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Principal Market vs. Most advantageous Concept

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#1 hgufrin



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Posted 10 September 2014 - 10:21 AM



I can't wrap my head around this concept. Can you please help with the following question?


Marco has an investment that is traded in two different markets, Front market and Side market. Marco has equal access to each market. In order to determine the fair value of its investment, Marco has obtained the following per share information for the securities as of the close of business December 31, the end of its fiscal year:


Front Market Selling Price $52/sh and $6/ sh transaction cost

Side Market Selling Price $50/sh and $1/sh transaction cost



If Front market is the principal market for the security for Marco, using the market approach, which one of the following would be the per share amount used for measuring the investment at fair value?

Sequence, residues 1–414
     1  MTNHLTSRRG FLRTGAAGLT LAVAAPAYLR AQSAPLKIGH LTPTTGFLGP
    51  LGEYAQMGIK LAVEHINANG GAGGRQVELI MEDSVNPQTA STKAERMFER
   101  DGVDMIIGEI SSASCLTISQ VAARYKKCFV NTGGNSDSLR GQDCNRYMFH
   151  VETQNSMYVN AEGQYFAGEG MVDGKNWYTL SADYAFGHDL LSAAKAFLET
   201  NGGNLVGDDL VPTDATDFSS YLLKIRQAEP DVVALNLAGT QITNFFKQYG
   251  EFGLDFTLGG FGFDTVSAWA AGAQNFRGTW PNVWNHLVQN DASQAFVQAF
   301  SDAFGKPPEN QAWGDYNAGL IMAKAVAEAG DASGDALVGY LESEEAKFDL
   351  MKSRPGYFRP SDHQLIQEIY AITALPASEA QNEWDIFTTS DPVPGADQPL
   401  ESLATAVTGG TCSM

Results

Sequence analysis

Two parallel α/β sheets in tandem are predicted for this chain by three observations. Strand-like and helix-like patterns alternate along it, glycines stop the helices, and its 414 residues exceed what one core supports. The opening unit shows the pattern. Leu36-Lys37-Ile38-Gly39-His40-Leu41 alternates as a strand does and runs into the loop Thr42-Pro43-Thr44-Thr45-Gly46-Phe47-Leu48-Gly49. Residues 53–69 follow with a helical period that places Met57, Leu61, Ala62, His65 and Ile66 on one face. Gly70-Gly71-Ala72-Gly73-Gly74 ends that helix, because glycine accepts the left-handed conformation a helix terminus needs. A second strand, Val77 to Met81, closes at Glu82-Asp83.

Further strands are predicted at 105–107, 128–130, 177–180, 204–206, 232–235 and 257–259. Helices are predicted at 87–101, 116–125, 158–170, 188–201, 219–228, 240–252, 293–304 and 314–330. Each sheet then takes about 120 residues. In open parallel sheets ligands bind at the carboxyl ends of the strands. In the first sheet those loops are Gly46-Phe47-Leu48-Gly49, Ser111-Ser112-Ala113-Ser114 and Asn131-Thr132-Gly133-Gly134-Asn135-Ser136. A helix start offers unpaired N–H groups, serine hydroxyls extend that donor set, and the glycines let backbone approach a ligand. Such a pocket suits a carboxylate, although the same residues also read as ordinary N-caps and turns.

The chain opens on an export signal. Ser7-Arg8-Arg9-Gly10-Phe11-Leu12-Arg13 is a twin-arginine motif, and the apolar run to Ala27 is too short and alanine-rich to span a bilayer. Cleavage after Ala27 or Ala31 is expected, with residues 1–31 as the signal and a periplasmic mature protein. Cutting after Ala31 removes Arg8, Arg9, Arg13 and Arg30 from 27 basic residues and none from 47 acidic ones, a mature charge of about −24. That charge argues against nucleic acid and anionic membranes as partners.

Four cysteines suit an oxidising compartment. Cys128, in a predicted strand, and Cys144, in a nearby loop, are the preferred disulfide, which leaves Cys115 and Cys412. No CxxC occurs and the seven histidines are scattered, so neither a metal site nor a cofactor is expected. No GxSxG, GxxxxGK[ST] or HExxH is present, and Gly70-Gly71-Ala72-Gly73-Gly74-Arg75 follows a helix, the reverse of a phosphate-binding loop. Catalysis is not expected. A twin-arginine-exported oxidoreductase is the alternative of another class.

The answer to the question is $52.


My question is: Why isnt it $50? According to the Most Advantageous Market Concept, maximizing amount received would be using the side market. So if you had your choice of the two different markets... why wouldn't it still be $50? Why would you actually choose the Front market considering you will not maximize amount received?


Sure hope you can help. Thanks.


#2 BluMaine



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Posted 16 September 2014 - 12:44 PM

Even with equal access to both markets, you pick the fair value measurement from the most advantageous market ONLY IF there is no principal market given. The principal market has the greatest volume/level of activity, and it will be the price even if there is a more advantageous price in a different market.